• Has topics that are relevant for all participants.
    If you have ten topics and half of them are only relevant to a sub group – that’s multiple meetings.

Prepare your attendees

Ok, we are almost ready to rock. By know you hopefully have a set of people, you know what you want to achieve and you have found a time and a place to do it. (This is not an article around google calendar or outlook unfortunately. You will need to look elsewhere for tips on how to work the calendar)

Before you go though, I want you to do one last thing: Send out pre-reading material. And no, I don’t mean just making sure the meeting invite includes the purpose, the expected outcome and the agenda, I mean actually setting your participants up for maximum participation.

(But… please do make sure the meeting invite includes the purpose, the expected outcome and the agenda! Please)

Pre-reading material is any information that participants will need to have an opinion about in the meeting. Like background to a certain decision. Different options that are being considered. For some reason a lot of people don’t do this and I don’t really know why. Is it because we want stuff to be surprises? Is it to get spontaneous discussions and ”top of your mind” thoughts? I don’t know. But I do know this favours a certain type of people and means you will end up with less diverse input.

The people who are comfortable having opinions with little preparation, on the spot, are not smarter or have better opinions. But we tend to give them more space, better career progression and view them as more important team members. I promise, if you give people the time and space to reflect, you will find other voices bringing just as much value. Pre-reads. Do it.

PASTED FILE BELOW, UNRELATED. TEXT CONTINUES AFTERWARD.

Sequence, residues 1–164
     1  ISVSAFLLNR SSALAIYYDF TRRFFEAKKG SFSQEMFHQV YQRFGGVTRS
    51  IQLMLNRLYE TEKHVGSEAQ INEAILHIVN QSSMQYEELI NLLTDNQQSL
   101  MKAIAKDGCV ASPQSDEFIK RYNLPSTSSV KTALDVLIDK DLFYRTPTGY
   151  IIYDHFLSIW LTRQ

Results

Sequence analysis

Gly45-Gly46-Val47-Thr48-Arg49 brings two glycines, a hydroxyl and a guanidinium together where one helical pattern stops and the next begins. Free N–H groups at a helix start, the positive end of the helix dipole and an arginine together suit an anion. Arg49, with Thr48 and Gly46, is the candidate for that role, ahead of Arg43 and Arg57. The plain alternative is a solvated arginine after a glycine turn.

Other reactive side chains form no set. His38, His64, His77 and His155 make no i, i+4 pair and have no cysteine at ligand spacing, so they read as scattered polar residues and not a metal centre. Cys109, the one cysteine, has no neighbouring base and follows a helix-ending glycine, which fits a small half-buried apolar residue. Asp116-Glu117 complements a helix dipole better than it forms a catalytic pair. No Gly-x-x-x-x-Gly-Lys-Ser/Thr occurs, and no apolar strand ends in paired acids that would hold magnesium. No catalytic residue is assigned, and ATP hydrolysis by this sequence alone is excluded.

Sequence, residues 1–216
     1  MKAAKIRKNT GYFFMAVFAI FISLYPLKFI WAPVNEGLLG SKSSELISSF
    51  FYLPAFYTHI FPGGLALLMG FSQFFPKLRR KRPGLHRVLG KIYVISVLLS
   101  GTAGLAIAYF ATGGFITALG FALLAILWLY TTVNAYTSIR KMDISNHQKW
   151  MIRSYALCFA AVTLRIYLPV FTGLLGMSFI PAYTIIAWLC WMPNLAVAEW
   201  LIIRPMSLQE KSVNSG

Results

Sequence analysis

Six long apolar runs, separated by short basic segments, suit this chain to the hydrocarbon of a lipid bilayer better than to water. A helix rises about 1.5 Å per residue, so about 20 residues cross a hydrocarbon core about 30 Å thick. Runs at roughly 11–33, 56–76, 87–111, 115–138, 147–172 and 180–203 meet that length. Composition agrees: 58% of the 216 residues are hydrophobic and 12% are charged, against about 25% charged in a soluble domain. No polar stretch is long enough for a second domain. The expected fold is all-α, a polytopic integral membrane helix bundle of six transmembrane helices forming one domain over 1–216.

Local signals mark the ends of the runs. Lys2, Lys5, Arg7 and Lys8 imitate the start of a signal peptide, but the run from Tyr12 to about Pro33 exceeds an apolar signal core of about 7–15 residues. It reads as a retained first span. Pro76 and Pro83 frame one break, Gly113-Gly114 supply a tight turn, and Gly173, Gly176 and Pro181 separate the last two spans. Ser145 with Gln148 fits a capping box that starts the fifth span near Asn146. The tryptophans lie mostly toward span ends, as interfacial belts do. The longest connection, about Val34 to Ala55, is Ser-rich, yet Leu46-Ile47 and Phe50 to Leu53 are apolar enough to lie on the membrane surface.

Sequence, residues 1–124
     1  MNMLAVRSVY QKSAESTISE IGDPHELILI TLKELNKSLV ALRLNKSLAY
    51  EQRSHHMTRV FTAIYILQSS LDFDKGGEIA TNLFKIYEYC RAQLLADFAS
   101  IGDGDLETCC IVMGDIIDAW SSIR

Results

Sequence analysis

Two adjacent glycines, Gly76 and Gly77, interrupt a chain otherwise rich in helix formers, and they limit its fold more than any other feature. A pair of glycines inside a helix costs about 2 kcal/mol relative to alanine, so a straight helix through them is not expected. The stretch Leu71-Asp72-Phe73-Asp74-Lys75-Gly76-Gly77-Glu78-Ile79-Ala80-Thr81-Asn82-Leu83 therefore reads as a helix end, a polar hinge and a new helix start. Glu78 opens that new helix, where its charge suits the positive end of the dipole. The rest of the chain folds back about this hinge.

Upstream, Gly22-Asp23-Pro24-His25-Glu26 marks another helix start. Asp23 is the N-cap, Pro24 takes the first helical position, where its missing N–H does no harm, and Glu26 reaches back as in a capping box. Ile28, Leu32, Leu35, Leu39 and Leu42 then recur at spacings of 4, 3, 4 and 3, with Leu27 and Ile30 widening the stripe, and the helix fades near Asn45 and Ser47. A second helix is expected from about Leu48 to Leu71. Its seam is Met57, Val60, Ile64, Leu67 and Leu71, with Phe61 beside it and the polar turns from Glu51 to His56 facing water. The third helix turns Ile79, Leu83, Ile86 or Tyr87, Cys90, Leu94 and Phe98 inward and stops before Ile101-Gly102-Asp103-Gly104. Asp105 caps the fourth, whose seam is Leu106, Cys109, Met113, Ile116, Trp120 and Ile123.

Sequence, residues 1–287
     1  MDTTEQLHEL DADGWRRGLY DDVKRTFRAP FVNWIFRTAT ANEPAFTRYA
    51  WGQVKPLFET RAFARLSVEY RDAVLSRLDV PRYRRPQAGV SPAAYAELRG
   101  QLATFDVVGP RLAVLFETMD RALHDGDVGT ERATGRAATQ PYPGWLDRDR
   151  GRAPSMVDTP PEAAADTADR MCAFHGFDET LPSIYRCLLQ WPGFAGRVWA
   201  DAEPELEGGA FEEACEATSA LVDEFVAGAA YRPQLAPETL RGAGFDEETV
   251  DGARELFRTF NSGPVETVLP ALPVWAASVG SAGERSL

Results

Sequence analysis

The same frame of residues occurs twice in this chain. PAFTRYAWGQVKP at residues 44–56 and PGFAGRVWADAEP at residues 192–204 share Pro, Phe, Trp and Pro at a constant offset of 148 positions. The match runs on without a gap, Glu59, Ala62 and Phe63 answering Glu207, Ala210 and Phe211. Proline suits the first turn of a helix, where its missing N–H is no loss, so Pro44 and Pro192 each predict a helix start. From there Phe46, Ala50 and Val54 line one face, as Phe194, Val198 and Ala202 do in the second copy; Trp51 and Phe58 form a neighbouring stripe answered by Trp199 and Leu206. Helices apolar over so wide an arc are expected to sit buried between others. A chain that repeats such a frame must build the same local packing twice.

Communication skills

If you want to maximise the chances of your message coming across as you want – good communication skills are crucial. Just because you believe said something does not mean that is what people actually hear. And worse – not what they will interpret your meaning as.

There is a difference between

  • What I meant to say
  • What I actually said
  • What the receiver heard
  • What the receiver interpreted it as

Things that can affect the interpretation can be

  • What is being said – which words
  • How we say it – tone of voice, body language
  • Noise, such as physical space, mental state, cultural differences, social skills
  • Your relationship to each other

To overcome this, make sure to use basic things such as asking the receiver to confirm what they heard, clarifying the message you are sending and assuming good intent.

Picture of two people, one sender and one receiver. An arrow pointing right with the text "message" and one pointing left with the text "Feedback". Pink stripes in the middle with the text "Noise"

Active facilitation

As meeting leader, it’s important we take active responsibility for facilitating the meeting to make sure we optimise for meeting our wanted outcome. This includes things like

  • Making sure to give everyone a change to be heard
  • Taking charge of the meeting if it is derailed or taken hostage
  • Making sure decisions and actions are documented by someone
  • Keeping track of time